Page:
I am an INTP — introvert, intuitive, thinking, perceiving. If this is all Greek to you, let me be the first to introduce you to the Meyers-Briggs Personality Type. According to the Myers-Briggs Type Indicator (MBTI), this combination of letters means I am conceptual, analytical, intellectually curious, adaptable, independent and critical. I love ideas and pursue understanding.
Sounds exactly like me. Exactly.
I learned my Meyers Briggs personality type by taking a rather involved multiple-choice evaluation. But there are shorter tests online that work reasonably well. If you don’t know your type, check it out here. (I’ll wait.)
It’s pretty trendy to know what your personality type is and to identify the characteristics that you share with others. Being an INTP — remember, I love ideas and pursue understanding — I think this is a really good thing. (Also being an INTP, I think it’s a good idea for folks to get the real Meyers-Briggs test, if they plan to use the results in any serious capacity, like workplace team building or couples therapy.) You don’t have to agree with the veracity of these personality types to find them interesting and entertaining. Personally, I’ve found that knowing my type helps me make decisions — like striking out on my own as a freelance writer.
But what I find in the many, many articles on this subject is how unique the results seem. So many of my friends have said, “Wow! No wonder I feel so [misunderstood/alone/different]! Only 5 percent of the population has the same personality type as I do!”
On some level, and with some things, we all want to feel singular. Seems to me, personality types are one of those things.
But these small percentages have always bugged me a little bit. And that’s because of the math.
There are four preferences in the Meyers-Briggs personality type: introversion vs. extroversion, sensing vs. intuitive, thinking vs. feeling, and judging vs. perceiving. (I won’t get into the details of these characteristics, but do know this: judging isn’t a bad thing at all. Learn more at The Meyers Briggs Foundation website.) Since there are two options per preference, there are 16 possible personality types according to the Meyers-Briggs test.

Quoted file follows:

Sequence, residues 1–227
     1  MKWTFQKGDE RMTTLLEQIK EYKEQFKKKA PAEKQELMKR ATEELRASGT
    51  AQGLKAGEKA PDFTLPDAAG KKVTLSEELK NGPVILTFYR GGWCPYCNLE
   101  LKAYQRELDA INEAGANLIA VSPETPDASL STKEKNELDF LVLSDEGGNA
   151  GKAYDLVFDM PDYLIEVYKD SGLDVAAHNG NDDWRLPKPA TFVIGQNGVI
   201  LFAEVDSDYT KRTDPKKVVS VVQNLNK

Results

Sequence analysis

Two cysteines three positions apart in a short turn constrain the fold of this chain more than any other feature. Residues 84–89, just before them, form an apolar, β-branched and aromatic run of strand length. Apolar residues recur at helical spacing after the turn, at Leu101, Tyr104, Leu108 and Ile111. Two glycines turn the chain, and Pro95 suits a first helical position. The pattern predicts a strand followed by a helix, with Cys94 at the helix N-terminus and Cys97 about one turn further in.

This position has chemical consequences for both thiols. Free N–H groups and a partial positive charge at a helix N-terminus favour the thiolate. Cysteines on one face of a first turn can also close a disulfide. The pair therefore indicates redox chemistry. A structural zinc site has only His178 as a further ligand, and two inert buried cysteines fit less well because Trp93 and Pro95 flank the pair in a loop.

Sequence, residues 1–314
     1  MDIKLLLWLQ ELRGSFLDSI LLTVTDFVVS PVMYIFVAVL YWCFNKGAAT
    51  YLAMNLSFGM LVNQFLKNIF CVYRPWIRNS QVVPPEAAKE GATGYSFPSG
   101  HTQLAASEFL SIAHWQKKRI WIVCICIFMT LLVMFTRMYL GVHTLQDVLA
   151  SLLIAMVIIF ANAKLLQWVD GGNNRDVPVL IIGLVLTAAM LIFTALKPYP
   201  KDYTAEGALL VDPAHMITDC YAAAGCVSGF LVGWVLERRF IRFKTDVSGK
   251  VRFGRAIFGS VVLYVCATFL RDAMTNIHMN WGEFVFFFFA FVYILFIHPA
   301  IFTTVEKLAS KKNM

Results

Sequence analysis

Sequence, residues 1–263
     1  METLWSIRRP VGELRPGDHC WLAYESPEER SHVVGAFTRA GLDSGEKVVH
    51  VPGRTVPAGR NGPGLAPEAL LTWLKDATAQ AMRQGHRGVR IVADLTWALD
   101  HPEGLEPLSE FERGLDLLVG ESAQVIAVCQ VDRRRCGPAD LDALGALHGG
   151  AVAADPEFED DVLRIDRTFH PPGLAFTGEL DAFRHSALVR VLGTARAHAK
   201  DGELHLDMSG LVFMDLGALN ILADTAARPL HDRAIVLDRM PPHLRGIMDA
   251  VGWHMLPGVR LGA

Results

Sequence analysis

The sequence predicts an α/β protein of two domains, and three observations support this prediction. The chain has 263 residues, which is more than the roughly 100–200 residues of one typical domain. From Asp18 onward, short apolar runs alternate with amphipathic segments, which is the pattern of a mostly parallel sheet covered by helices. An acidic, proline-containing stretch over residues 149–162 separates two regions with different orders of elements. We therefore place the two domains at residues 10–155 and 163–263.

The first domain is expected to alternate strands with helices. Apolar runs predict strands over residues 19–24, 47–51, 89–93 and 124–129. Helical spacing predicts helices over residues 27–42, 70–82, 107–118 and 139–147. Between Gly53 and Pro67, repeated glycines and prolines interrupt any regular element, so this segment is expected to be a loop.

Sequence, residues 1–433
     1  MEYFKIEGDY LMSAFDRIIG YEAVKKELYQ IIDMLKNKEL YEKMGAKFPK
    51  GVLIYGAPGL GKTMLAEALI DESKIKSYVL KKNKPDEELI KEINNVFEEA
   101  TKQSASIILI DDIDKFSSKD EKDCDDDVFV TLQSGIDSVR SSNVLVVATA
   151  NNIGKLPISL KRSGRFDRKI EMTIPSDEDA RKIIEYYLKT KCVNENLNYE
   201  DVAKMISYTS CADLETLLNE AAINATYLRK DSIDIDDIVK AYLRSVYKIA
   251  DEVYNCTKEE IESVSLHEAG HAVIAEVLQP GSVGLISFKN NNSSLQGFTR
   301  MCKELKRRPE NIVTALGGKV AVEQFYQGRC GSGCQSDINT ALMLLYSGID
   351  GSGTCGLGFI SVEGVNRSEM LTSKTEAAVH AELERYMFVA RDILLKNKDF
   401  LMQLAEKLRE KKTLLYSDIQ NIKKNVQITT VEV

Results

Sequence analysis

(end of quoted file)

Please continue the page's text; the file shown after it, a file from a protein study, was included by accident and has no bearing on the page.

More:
I think we forget that there are so many different combinations. And that clouds our understanding of what is rare and what is not rare.
In fact, the Meyers Briggs Foundation has studied the occurrence of each of the 16 personality types in the population.
First, a disclaimer: already, this is not a random sample. The foundation used data that is reported to them, which means that only people who have taken the MBTI evaluation were in the sample studied. But what if people with a certain personality type are less likely to take a personality test? This type would not be accurately represented in the sample. And if one type is more likely to take a personality test? Those folks might appear more often in this sample than in the general population.
Still, let’s take a look.
If you lined up all of the personality types in order of their percentages, the types at the middle are ISTP (5.4 percent) and INFP (4.4 percent). If you fall within 5 percent of the population, are you unusual? Well, yes. In some regard, but only if the rest of the population falls in one category outside of that 5 percent.
In terms of rarity, we often think of rates of disease. According to the American Autoimmune Related Disease Association, about 5 percent of the population in Europe and North America have an autoimmune disease. With these diseases, (including celiac disease, rheumatoid arthritis, multiple sclerosis, lupus and type I diabetes) the immune system is attacking some part of the body. (In fact, my father had autoimmune hepatitis and vitiligo and died of pulmonary fibrosis.)
If 5 percent of the population is affected by autoimmune disease, 95 percent is not. This makes autoimmune disease seem kind of usual or rare. Actually, it’s not rare by medical standards. For a disease to be considered rare in the U.S., it must affect less than 0.06 percent of the population.
And as with all math, the context matters. There are 16 personality types. If there were only three types, 5 percent is really rare. But with 16 types, well, 5 percent isn’t so unique. That’s because the other 95 percent is spread out among the remaining 15 types.
Now where this stuff gets really interesting is in certain populations. For example, in a 1992 study of college and research librarians, 11.5 percent were INTJ, while 0.8 percent were ESFP. These results definitely don’t square with the frequency in the general population. So you might be not so rare among librarians but more uncommon within the rest of the world.
I don’t mean to suggest that each of us is not a special snowflake. We are — but that’s not because of our personality types. As useful as these categories are, they certainly ignore a large part of the rest of what makes us who we are. (Meyers and Briggs knew this, of course, and their foundation works hard to be sure that the MBTIs are used ethically and responsibly.)
So go on with your special self. Fly your freak flag proudly. Just know that each of the personality types is interesting and unique in its own way. You are special, but not because of your personality type. There are just too many other possibilities!
Do you know what your MBTI type is? I love to hear about others’ personality types and how they understand them. Share your personality type stories in the comments section. Because you’re special. Just the way you are.